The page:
New York State has also enacted a number of protections to ensure that people will have access to basic services during the outbreak.  Governor Cuomo has ordered that utility services (heat, electricity, and water) be prohibited from shutting off your service due to nonpayment until further notice.  This means that your utilities cannot be shut off for the time being, even if you can’t afford to pay for them.  The courts in NYS and NYC have also put a moratorium on eviction proceedings and pending eviction warrants until further notice, lasting at least until June 20, 2020.  This means that your landlord cannot force you to leave for nonpayment of rent until evictions are resumed by order of the Governor or the courts.  Further, if your landlord’s mortgage on a rental property is Federally-backed (including HUD, Fannie Mae, Freddie Mac, rural program vouchers, or VAWA programs), the landlord is prevented from commencing eviction proceedings against you for 120 days from the date on which the Federal CARES Act (stimulus program) was enacted (March 27).

New York State has ordered that all banks suspend mortgage payments for 90 days (until at least June 20) for those facing a financial hardship, and has additionally ordered that no new foreclosure actions be commenced.  This applies to all mortgage loans, including conventional, FHA, VA, HUD, USDA, and any other type of home mortgage.  New York State has also ordered that all overdraft fees, ATM fees, and credit card late fees be waived until at least June 20.

Additionally, HUD, FHA, Fannie Mae and Freddie Mac (which together comprise the majority of mortgages in this country) have announced suspensions of mortgage foreclosure sales and evictions during the COVID-19 outbreak for the next 60 days.  Even if your loan is serviced by a private bank (example, if you make payments to an entity such as Wells Fargo or M&T) your loan may be covered by these new rules, since FHA, Fannie Mae, Freddie Mac, and HUD loans are issued through private banks.  FHA loans are also prohibited from commencing mortgage foreclosure actions during this time.  Additionally, individuals experiencing a financial hardship related to COVID-19 can ask for a 12-month forbearance on mortgage payments from all federally-guaranteed mortgage programs (HUD, FHA, Fannie Mae and Freddie Mac).  You do not need to be diagnosed with COVID-19 to qualify; a hardship such as losing your job will qualify for this program.  During this forbearance period, lenders are not allowed to report changes in status or nonpayment to credit reporting agencies.  They are also not allowed to accrue late fees during this period, and must work with borrowers to establish an affordable repayment plan once the forbearance ends.  Mortgage borrowers who are interested in a forbearance or other hardship relief should contact their mortgage servicer (the company that they communicate with most often, usually the one to which they send payments).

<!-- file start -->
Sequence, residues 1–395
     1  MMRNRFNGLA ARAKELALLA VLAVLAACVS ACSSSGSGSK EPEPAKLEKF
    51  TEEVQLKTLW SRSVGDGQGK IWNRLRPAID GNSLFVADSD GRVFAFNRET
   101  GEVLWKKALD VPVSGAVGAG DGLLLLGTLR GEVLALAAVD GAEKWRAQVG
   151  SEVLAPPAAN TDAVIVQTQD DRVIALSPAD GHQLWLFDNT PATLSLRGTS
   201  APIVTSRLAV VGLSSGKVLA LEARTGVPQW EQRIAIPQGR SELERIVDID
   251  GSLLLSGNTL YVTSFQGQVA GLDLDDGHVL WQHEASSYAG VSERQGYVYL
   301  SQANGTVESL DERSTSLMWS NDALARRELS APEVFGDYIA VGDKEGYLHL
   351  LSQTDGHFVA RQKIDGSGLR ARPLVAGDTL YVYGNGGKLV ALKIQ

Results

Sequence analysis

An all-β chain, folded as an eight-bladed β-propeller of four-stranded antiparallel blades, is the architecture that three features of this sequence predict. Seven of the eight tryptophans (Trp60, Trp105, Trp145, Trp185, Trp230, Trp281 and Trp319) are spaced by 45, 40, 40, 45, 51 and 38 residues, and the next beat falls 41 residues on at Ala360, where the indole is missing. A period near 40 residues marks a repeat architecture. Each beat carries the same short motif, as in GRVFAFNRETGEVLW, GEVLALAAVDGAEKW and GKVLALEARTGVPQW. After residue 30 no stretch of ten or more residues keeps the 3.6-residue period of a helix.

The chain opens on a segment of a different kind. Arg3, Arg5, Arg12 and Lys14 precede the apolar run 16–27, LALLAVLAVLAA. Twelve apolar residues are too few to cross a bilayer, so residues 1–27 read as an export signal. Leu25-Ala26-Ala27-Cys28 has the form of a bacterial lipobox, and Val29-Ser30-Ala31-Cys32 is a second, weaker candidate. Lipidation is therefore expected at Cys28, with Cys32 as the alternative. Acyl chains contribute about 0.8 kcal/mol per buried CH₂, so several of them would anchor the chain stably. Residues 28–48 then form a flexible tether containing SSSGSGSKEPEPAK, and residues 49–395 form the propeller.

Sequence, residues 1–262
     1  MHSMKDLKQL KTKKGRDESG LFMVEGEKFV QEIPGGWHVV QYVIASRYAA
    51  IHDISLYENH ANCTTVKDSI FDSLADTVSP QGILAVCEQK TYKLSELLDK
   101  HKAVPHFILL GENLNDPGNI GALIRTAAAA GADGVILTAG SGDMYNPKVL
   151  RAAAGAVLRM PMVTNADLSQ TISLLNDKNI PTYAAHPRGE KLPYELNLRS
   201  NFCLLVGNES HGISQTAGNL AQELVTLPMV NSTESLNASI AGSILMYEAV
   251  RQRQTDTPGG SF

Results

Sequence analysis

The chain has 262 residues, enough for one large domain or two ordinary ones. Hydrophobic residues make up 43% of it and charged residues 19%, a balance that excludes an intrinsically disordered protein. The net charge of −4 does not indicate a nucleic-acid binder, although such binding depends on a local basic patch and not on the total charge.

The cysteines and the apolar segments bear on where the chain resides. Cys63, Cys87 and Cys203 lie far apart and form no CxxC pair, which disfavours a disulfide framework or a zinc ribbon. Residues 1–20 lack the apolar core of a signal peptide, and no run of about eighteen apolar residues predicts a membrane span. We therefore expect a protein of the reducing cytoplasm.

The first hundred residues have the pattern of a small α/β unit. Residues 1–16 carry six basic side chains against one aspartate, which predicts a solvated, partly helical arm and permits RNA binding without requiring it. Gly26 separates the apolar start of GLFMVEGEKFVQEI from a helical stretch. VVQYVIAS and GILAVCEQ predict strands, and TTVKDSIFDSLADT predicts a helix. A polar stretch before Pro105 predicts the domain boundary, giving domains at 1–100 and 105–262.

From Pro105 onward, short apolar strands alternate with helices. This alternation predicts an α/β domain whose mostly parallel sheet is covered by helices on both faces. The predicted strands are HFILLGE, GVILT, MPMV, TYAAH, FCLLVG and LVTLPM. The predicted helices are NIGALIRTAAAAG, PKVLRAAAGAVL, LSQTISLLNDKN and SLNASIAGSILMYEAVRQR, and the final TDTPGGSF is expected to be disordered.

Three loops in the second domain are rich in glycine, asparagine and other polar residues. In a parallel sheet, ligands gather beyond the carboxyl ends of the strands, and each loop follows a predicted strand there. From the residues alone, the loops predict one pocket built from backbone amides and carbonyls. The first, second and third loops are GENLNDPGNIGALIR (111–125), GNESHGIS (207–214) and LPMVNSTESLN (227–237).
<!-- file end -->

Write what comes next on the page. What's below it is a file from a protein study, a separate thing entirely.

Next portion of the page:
See our recent blog post on mortgage payments here.

Although not required to do so by the government, Charter/Spectrum has pledged not to turn off internet services for nonpayment during this crisis situation.  Charter/Spectrum has also offered free internet services for 60 days to households that do not already have them if the household has students (K-12 or college) who are home from school due to COVID-19 school closures.  Charter/Spectrum will waive installation and setup charges for this service, but the household must cancel the service within 60 days to avoid charges after the 60 day period is over.

The New York State Attorney General has suspended debt payments on medical debt and student loans owed to the state for 30 days.  If you owe money to a state hospital or are delinquent on a student loan debt, and if that debt has been referred to NYS for debt collection, you do not have to make any payments for 30 days beginning March 17, 2020.

If your driver’s license, non-driver ID, or vehicle registration is set to expire after March 1, the DMV has temporarily suspended the expiration of these documents.  You can still renew them online if possible, but you can also wait to renew them until physical DMV offices re-open without penalty.  If your motor vehicle inspection expired on March 1 or later, the expiration date has been extended.  No end date has yet been specified for these extensions.